The Reggio Emilia is an educational philosophy developed by Loris Malaguzzi, a teacher in the village of Reggio Emilia, Italy after World War II. He felt that the children of his village were in need of a new way of learning after enduring the emotional and physical trauma of war. He wanted to build a program on the principles of respect, responsibility, and community through exploration and discovery in a supportive and enriching environment. Malaguzzi believed that children develop their own unique "languages" in early developmental years and the aim of his approach is to teach them how to make those languages useful in everyday life. In Reggio Emilia, the students' creative interests drive the curriculum while the teachers act as "co-learners", going on an educational journey alongside the student.
Way of the Peaceful Warrior by Dan Millman
During his junior year at the University of California, while training to become a world-champion gymnast, Dan Millman stumbled on a 94-year-old mentor nicknamed Socrates, a powerful, unpredictable, and elusive character. He taught a way to maximize performance using a unique blend of Eastern philosophy and Western fitness to cultivate the true essence of a champion - the "way of the peaceful warrior."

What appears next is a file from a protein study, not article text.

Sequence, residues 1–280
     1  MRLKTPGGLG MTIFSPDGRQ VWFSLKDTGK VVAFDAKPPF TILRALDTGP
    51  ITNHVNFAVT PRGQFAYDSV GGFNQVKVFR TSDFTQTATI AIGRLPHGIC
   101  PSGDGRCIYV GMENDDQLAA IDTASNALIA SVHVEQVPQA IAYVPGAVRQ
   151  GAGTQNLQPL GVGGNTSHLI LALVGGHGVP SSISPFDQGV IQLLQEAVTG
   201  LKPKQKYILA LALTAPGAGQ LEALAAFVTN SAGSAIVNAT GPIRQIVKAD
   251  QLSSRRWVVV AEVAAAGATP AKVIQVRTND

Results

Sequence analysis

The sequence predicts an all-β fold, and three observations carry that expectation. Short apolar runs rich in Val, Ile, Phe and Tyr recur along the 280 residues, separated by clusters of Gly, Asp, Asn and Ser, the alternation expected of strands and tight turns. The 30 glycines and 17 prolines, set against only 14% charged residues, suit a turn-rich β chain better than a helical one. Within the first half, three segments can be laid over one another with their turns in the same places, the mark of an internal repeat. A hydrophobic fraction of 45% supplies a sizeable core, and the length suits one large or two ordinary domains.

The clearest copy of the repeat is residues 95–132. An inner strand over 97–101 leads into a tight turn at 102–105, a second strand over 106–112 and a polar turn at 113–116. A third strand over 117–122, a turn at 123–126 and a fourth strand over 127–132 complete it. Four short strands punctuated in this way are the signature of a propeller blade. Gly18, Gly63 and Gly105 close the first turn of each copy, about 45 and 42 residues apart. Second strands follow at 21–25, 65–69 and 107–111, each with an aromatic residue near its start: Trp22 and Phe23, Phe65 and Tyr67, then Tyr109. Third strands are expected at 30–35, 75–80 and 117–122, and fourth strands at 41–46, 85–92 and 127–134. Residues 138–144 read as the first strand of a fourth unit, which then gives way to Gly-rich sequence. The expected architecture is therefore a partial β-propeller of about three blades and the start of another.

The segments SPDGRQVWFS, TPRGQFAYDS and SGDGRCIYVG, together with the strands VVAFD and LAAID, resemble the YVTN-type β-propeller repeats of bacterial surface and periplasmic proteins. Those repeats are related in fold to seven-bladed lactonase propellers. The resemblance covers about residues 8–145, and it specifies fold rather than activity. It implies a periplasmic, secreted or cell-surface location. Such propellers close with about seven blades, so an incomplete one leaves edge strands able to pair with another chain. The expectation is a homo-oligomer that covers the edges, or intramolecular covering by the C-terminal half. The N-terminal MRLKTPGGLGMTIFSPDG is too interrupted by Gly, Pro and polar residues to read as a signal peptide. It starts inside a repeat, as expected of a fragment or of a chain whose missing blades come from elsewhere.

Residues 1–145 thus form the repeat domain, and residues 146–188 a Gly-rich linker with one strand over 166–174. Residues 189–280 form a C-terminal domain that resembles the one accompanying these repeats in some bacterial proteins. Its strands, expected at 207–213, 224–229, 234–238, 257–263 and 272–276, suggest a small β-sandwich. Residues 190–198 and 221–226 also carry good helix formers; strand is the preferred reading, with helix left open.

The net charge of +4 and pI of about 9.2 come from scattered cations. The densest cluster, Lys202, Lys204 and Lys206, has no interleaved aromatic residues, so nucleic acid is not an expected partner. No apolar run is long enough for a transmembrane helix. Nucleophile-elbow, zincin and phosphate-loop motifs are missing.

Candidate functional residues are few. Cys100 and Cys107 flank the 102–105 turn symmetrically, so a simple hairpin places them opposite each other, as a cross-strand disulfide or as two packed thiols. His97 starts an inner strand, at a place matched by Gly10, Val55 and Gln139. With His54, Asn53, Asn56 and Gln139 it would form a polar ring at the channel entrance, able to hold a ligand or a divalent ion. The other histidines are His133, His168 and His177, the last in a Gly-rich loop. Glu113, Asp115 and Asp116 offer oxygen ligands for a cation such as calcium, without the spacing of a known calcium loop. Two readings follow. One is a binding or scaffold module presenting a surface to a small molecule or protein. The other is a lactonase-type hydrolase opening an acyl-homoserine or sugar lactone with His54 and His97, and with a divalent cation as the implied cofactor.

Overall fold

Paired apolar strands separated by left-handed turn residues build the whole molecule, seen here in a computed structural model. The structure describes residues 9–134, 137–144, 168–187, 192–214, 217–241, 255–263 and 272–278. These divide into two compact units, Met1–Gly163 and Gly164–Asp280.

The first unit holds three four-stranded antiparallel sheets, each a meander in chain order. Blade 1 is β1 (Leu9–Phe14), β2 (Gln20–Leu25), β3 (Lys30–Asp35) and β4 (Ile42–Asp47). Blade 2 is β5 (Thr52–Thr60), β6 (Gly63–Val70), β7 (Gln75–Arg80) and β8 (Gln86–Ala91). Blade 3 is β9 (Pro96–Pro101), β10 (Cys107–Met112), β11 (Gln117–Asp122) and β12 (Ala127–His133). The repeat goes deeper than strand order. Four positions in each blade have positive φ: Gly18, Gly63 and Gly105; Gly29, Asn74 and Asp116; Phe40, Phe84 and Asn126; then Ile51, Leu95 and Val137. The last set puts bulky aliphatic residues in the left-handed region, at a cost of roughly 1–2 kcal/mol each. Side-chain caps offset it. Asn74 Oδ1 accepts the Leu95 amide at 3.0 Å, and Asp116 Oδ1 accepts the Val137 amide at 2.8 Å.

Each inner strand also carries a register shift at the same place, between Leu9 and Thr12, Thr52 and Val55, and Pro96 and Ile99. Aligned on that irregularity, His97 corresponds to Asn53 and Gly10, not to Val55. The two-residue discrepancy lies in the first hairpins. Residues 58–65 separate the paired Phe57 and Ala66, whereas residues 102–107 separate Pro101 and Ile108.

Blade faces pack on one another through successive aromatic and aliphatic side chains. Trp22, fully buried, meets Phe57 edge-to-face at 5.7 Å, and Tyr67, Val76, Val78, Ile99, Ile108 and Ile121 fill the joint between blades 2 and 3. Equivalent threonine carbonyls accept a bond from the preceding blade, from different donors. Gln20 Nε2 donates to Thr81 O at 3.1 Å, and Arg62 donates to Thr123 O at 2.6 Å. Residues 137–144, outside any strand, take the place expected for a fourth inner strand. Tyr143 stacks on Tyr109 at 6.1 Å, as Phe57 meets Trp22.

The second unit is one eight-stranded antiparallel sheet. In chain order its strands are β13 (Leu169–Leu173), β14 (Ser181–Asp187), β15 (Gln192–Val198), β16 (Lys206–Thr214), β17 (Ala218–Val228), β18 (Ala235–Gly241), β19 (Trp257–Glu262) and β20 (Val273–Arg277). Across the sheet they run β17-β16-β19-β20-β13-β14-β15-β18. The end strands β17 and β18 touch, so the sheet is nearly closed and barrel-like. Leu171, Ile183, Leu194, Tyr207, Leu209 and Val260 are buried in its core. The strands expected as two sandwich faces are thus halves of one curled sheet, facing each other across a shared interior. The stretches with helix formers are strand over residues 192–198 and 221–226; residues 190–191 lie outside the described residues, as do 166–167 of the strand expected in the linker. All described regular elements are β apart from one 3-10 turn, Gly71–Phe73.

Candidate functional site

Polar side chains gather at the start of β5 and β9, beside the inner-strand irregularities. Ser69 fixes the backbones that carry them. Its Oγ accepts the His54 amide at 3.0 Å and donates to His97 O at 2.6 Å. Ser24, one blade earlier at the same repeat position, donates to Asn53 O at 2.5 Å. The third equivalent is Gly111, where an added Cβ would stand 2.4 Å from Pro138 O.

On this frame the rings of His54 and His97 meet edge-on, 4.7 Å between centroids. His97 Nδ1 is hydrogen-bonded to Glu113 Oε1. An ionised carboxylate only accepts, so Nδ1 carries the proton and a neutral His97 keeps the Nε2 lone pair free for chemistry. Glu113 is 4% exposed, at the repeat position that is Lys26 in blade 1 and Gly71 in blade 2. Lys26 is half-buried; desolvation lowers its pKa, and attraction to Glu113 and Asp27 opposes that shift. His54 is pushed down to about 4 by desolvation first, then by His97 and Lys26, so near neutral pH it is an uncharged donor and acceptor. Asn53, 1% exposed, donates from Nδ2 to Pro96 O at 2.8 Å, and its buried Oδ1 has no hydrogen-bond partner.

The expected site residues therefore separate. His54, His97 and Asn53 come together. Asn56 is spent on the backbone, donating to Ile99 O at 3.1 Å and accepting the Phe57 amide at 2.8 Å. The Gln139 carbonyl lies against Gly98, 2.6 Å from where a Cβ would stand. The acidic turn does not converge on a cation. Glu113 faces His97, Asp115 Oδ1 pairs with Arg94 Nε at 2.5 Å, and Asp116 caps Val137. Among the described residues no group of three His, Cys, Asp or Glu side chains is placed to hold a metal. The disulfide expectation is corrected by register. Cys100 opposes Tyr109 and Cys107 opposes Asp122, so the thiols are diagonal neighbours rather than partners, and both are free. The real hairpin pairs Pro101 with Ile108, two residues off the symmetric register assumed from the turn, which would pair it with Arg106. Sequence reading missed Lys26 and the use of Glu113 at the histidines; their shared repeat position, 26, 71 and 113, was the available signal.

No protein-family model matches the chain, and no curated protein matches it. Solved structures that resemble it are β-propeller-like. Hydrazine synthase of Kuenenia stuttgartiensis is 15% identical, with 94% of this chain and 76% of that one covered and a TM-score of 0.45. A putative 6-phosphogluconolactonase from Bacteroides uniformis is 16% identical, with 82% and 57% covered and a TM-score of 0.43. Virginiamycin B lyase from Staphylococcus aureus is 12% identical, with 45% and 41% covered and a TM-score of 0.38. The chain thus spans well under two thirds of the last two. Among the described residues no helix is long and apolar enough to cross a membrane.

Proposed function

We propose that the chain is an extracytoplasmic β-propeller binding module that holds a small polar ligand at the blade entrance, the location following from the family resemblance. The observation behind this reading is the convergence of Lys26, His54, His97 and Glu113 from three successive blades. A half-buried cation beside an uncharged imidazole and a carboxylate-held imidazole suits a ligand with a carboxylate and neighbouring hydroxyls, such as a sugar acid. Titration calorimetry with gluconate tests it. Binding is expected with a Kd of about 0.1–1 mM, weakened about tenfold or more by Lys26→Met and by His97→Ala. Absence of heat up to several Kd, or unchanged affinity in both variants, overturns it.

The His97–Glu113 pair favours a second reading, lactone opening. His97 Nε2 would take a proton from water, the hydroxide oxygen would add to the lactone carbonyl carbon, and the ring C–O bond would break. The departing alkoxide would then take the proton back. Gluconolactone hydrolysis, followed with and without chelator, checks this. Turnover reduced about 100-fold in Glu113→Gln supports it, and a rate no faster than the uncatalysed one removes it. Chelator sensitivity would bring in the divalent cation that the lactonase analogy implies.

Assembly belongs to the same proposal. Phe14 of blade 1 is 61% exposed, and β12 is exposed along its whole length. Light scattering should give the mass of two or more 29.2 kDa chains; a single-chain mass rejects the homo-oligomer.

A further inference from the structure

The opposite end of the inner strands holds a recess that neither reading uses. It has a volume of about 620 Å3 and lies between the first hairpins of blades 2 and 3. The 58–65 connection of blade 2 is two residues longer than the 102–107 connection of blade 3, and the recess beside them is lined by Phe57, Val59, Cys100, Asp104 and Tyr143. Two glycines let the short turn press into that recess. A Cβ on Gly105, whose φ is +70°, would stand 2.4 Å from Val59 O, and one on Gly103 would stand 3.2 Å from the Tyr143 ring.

Inspiration comes in many forms. It is with humility and gratitude that we share some of the people and works that have shaped our mutual experience. If you took the time to read our bios your eyes are probably pretty tired so feel free to skim but please share if you have something you feel we should include.
Regarded by many as the greatest coach of all time, Wooden coached the UCLA Men's Basketball team to 10 National Championships (7 in a row) and was named Coach of the Year 6 times in that span. However, while his pesonal accolades speak for themselves, it is his passion and commitment to team above self and personal development that will make him a true inspiration to teachers, coachesand players for as long as sports are played. Check out his Pyramid of Success.
The Four Agreements
Based on ancient Toltec wisdom, the Four Agreements offer a simple code of conduct based on freedom, happiness, and love.
The Four Agreements are:
Be Impeccable With Your Word
Don't Take Anything Personally
Don't Make Assumptions
Always Do Your Best
Solid guidelines for us all to remember.